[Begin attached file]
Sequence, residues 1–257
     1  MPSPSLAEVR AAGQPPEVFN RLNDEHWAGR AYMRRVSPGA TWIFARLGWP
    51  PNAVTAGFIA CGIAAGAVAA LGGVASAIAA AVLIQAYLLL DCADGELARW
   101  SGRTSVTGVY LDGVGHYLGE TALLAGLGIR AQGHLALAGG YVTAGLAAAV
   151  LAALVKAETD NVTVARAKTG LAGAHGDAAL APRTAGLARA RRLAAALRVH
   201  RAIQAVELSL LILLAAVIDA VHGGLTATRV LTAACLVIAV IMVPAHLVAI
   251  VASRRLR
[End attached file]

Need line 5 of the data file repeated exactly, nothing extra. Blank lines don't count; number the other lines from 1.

   151  LAALVKAETD NVTVARAKTG LAGAHGDAAL APRTAGLARA RRLAAALRVH